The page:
No one cares about typo,Sorry about the low count ,rest and eat a lot.In my eyes you are the picture of bravery,We thank you.

Hope you rebound soon and NED hurry home. Plenty tight hugs, Moli

Editgrl's picture
Posts: 903
Joined: Jun 2015

But I'm sorry you are having to go through all of this in addition.  I wish I had some suggestions for you, but all I can say is thank you for doing what you can to not only help yourself but so many others.  Hugs to you.


TeddyandBears_Mom's picture
Posts: 1771
Joined: Jun 2015

So glad you continue to be stable!  Sure wish there was some magic formula for the hit on our marrow production... And, the resulting anemia.

I can't even imagine how hard that is for you.  The fatigue I get with chemo without having such a low count is horrible enough.

Please rest, rest, rest!  And hug your labs! 

Thinking of you all the time...

Love and Hugs,


Posts: 574
Joined: Feb 2013

I had chemo induced anemia in August, 2010, halfway through my chemo (carbo/taxol).  I had a transfusion at that point of one unit of blood.  I'd also had two units of blood two days after my surgery due to extensive blood loss.  I had my cancer surgery plus removal of my gallbladder (due to gallstones) and appendix during the same surgery.  The nurses in the cancer center told me I should feel better immediately after that last transfusion, but I didn't.  Two months after my chemo, I had a physical at my family doctor's office, and I mentioned to the PA there that I was still short of breath climbing stairs.  He checked my ferritin level and found it was over six times higher than the maximum normal range .  When I went back to my oncologist a couple of months later, I told him about that.  He decided to do a genetic test, and he found that I had an unusual form of hemochromatosis.   I had to have blood taken out of me then to lower the level of iron in my blood.  I had over two pints of blood taken out over a two week period.  I was due to come back to have another blood withdrawal, but I was feeling very ill.  It turned out I was anemic already and I had a UTI on top of that.  I couldn't have another transfusion because that would have put iron back into me again.  The oncologist (who's also a hematologist) decided it was from my chemo that I had this abnormal reaction to the withdrawal of blood so quickly.  I had to wait for my blood level to get back to normal on its own.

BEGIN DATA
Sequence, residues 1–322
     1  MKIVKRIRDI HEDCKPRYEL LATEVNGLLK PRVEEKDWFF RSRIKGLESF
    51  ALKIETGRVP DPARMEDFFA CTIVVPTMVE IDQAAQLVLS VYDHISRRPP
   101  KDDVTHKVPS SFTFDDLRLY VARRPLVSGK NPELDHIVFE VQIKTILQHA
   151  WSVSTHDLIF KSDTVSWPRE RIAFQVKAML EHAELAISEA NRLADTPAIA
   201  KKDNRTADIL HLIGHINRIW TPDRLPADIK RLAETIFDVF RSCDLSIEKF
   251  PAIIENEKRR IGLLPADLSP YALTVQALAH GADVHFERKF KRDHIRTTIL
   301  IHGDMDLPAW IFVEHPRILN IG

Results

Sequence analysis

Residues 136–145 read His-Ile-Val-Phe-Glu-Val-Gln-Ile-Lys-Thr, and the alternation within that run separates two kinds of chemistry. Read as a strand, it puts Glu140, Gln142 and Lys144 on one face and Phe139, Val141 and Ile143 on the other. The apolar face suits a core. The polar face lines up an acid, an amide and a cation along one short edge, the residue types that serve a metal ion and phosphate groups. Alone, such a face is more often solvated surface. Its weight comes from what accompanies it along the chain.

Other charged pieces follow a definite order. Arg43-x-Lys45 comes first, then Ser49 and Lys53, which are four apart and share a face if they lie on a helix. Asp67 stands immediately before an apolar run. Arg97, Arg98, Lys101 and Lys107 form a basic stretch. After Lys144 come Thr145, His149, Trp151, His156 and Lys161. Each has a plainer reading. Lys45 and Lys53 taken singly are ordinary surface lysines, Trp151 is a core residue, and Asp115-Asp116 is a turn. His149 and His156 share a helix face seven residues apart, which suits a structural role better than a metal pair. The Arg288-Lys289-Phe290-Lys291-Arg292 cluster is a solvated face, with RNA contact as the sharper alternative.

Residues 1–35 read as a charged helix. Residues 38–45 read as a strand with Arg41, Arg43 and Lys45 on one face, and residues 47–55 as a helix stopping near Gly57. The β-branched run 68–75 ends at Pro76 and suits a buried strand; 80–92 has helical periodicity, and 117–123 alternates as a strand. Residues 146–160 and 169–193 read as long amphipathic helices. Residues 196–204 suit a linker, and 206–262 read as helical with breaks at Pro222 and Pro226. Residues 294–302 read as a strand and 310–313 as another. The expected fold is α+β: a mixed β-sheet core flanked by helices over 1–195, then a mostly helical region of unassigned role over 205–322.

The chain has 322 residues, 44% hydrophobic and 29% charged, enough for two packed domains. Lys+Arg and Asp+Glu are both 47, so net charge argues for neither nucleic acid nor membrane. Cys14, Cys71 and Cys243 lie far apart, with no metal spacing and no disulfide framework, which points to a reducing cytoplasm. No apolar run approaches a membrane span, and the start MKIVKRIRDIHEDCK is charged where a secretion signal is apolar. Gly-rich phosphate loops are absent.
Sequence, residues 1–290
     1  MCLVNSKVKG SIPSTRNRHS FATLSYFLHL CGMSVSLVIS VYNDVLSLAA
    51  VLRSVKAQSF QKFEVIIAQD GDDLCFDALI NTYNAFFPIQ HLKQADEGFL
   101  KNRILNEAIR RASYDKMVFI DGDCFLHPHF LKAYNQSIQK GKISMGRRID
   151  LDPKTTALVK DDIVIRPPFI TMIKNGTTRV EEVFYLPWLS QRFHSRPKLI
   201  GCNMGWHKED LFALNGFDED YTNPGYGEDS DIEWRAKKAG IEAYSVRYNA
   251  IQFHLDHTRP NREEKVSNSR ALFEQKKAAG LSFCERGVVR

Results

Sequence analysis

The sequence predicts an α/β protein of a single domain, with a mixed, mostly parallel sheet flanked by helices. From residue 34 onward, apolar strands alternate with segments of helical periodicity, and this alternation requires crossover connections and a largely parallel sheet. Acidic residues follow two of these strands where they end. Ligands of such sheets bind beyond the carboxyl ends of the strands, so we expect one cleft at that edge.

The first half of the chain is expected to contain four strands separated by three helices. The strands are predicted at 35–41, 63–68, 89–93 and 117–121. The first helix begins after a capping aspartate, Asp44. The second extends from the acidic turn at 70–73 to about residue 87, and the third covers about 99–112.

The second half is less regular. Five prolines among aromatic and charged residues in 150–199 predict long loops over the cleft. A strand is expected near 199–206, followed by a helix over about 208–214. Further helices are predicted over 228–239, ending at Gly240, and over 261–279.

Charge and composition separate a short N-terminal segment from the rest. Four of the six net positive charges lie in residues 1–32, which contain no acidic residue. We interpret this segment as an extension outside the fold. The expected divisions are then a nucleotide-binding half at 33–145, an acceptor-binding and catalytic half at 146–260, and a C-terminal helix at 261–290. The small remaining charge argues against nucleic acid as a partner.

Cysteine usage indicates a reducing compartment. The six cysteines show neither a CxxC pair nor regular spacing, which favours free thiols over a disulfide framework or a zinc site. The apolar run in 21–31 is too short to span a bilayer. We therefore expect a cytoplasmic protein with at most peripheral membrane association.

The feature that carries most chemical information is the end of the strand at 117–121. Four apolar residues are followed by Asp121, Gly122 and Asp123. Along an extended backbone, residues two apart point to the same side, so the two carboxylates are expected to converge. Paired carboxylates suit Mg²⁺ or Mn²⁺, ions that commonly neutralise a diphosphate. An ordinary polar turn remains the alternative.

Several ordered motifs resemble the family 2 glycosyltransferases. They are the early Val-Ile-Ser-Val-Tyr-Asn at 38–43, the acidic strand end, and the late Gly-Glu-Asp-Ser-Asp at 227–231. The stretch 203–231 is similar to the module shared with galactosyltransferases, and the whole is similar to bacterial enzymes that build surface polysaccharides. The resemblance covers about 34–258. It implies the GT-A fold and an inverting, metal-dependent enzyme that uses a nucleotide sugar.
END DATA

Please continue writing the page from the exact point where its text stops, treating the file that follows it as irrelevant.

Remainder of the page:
I wonder if with all your genetic abnormalities, you could possibly have this mutation, also.  It was called an H63D defect and can come from only one parent.  It doesn't always cause hemochromatosis, and scientists aren't sure why some people get it and some don't.  Something like 2 or 3% of the population has hemochromatosis and most people who have it don't even know it.  The normal mutation is called a C282Y defect and it's inherited from both parents, if I remember correctly from 5 years ago when I heard about it.   Of course, you've also been on chemo way longer than I ever was, so your anemia might just be from that. I'm thinking that if you're still not feeling better from all your transfusions, this might be something to check out, especially since you already know you have some genetic mutations.  If you ask your doctor to do a ferritin level, that will tell if you need to investigate further.  High ferritin levels can cause all kinds of problems from heart attacks to cancers.  It's worth looking into.  Good luck. Hope the anemia goes away soon.  You have enough on your plate without that!